On June 2, 1991, Odeco was conducting safety drills on a fixed platform in the Gulf of Mexico off the coast of Louisiana. Five members of the platform's crew, David J. Bonnette, Juan M. Porras, Henry Brumfield, Ottis L. Robbins, and Joel Thompson (the Crew), boarded an escape capsule suspended 90 feet above the Gulf. Someone in the capsule pulled the wrong lever, releasing the capsule from the cable that supported it, and the capsule and its passengers plunged 90 feet into the ocean, severely injuring all of them. Odeco immediately began paying workers' compensation under the Longshore and Harbor Worker's Compensation Act (LHWCA).

Fearing the possibility of multiple vessel negligence claims under section 905(b) of the LHWCA,1  Odeco filed a declaratory judgment action on January 3, 1992 requesting that the court determine:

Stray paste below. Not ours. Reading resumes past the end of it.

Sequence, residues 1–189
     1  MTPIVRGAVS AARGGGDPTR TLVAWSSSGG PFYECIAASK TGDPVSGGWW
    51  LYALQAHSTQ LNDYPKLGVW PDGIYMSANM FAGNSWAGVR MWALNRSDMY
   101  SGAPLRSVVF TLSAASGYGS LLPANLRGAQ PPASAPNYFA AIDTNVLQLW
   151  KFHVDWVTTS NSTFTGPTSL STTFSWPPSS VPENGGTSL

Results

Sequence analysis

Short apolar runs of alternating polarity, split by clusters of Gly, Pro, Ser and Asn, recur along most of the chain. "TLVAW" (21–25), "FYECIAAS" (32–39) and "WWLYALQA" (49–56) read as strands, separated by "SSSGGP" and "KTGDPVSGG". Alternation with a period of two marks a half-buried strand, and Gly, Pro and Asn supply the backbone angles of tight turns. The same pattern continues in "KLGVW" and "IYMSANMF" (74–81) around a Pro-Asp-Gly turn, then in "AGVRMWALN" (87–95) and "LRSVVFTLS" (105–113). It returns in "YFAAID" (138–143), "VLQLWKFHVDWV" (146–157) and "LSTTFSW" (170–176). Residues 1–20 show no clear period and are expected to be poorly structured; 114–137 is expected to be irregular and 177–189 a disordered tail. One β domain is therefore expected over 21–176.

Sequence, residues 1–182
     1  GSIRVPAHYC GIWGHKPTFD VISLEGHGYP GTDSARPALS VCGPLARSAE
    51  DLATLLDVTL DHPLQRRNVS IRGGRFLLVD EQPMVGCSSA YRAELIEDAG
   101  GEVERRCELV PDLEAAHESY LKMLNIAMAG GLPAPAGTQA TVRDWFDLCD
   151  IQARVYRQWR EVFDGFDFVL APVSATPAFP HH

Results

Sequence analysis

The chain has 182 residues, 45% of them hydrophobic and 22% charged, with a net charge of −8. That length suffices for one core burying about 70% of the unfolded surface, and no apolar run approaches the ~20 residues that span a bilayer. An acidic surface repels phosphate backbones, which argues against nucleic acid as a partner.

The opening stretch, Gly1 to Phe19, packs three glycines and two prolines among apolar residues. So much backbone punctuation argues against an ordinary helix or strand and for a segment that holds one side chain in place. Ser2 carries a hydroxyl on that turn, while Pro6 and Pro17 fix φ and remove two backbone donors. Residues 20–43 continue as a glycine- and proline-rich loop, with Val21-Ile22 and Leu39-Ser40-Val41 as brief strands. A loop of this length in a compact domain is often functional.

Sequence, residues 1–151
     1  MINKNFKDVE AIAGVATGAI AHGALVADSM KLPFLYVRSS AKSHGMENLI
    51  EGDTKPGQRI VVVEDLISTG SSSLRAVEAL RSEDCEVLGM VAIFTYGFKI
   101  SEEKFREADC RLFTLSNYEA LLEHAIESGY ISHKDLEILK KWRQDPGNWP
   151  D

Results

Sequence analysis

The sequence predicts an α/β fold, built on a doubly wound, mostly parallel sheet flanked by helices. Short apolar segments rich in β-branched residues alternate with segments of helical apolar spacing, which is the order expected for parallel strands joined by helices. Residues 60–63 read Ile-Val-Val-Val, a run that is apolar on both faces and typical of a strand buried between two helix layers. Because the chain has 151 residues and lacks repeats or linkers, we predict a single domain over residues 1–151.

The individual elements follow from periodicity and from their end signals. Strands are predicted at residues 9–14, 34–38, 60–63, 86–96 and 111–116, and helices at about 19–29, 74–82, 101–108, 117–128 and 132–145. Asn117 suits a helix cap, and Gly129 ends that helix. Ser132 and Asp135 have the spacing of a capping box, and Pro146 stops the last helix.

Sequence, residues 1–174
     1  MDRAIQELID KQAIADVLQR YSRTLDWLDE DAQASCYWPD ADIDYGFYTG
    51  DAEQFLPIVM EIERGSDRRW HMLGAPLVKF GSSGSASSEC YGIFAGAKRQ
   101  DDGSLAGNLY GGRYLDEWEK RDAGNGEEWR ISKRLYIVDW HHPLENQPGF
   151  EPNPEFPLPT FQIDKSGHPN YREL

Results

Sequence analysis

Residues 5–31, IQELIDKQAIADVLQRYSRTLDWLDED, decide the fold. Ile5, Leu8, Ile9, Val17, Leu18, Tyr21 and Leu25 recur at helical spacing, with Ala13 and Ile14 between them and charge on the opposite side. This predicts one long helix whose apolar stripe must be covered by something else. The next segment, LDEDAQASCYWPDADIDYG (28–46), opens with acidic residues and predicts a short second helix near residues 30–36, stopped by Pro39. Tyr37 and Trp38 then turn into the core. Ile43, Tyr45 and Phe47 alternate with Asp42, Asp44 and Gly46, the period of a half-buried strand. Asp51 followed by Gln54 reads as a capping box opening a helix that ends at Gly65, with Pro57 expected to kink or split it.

(1) that the escape capsule is not a vessel under section 905(b) of the LHWCA;

(2) that the injuries were not caused by vessel negligence; and

(3) that any action for damages is barred by section 905(a) of the LHWCA.

Alternatively, Odeco sought to limit its liability to $30,000, the alleged value of the capsule, pursuant to the Limitation of Liability Act, 46 U.S.C.App. Sec. 183 et seq.2 

On January 6, 1992, the district court issued an order staying any further litigation against Odeco arising out of the accident until the determination of the limitation of liability proceeding. The order further required the injured employees to file all of their claims against Odeco in the limitation proceeding.